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Independent sales representatives often play a crucial role in on-site contractor training for new products or installation methods. They provide the manufacturer’s ground support for ensuring that a project is completed correctly and on time, so that the contractors come to trust the product. Such was the case in Texas where PEX piping was recently substituted for copper pipe in a two-building, college dormitory plumbing project.
Faced with budget constraints, general contractor Whiting-Turner approached Armstrong Mechanical to requote the project’s plumbing system. Having been involved in similar projects, Armstrong Mechanical had proven its resourcefulness, and proved it again with the use of time- and money-saving PEX piping by Uponor North America.
Chris Carpenter, President of Armstrong Mechanical, said his company has installed Uponor PEX since 1994; both in residential and commercial projects. “PEX is a huge cost savings over copper, especially in large facilities that require significant amounts of piping,” explained Carpenter.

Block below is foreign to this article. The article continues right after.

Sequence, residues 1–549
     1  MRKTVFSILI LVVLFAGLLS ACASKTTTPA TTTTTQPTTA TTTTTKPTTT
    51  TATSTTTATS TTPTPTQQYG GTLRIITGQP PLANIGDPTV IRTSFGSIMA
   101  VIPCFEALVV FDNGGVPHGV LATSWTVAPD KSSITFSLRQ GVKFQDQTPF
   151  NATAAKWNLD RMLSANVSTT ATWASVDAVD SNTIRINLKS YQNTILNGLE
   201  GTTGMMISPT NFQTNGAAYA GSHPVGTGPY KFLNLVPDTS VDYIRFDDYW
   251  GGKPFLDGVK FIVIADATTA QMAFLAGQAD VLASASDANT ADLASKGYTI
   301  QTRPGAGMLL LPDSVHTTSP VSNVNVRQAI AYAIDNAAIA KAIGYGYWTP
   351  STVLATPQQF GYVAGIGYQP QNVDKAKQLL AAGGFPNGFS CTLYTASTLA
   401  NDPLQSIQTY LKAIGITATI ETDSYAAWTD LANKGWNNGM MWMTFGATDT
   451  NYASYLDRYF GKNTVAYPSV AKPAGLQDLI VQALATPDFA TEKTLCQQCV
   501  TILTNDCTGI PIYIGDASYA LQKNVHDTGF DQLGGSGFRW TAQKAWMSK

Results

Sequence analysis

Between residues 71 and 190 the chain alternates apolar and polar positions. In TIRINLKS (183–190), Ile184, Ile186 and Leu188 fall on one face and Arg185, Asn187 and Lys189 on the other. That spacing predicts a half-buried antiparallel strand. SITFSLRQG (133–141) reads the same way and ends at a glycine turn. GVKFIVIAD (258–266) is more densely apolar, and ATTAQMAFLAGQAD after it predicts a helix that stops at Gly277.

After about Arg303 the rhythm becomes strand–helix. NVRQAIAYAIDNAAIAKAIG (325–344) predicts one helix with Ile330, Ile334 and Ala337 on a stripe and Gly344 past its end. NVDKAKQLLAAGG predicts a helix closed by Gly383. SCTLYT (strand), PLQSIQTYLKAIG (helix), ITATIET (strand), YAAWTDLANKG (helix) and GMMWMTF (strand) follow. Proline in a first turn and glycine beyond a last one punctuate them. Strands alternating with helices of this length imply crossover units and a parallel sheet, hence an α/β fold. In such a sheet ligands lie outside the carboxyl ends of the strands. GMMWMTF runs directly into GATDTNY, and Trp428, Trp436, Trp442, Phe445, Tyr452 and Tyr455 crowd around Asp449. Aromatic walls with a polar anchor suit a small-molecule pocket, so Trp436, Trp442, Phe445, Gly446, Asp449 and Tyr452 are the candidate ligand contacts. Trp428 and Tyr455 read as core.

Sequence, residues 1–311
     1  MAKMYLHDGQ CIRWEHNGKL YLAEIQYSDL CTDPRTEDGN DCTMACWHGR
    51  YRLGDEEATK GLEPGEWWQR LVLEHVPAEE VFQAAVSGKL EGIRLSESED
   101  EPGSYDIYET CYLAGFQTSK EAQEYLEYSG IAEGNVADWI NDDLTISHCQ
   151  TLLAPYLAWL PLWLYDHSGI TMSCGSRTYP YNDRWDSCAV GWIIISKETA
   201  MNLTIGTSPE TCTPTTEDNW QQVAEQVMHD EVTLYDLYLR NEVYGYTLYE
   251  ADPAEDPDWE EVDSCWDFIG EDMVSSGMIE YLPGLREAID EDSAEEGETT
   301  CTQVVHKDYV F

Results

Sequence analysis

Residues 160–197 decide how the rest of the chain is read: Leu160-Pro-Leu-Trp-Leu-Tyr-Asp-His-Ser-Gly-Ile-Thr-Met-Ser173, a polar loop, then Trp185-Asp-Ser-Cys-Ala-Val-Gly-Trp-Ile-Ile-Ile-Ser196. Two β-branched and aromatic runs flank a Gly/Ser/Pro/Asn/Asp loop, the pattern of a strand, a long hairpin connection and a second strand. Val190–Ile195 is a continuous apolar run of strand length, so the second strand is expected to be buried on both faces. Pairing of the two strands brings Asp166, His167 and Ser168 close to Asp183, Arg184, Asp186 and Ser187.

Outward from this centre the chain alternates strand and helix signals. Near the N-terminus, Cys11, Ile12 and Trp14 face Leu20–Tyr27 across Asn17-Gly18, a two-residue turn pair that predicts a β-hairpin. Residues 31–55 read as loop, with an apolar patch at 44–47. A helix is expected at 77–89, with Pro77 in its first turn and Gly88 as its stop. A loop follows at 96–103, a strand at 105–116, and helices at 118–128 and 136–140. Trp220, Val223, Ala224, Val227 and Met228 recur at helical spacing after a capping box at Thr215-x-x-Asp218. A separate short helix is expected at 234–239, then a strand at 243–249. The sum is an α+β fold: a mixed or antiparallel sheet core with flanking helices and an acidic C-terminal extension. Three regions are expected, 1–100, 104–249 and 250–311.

Still, the use of PEX was not automatic. “Since copper had been the basis of design for the majority of the university’s projects, that is what we originally specified,” said Terry Parham, Project Manager for Armstrong Mechanical, who added the university had serious reservations about PEX because of its lack of experience with the product.
Ultimately, though, the rigid realities of copper made the decision obvious. “The calculated cost of installing copper piping created significant budget issues,” said Parham. At that point, Armstrong Mechanical recommended PEX to be installed within the tight construction schedule and save about $305,000 by avoiding the expense of copper pipe, all while streamlining the installation. In all, 10 miles of PEX pipe, supplied by Morrison Supply Company, was installed in the two dorms.
Once the decision to use PEX was made, Bruce Wood from Pepco Sales and Marketing, a Dallas-based rep firm, worked with Carpenter and his Armstrong team to design an efficient and time-saving plumbing installation. “Because Armstrong had installed PEX in previous jobs, we used strategies that they were familiar with, including brackets, straps and through-the-wall supports,” Wood said.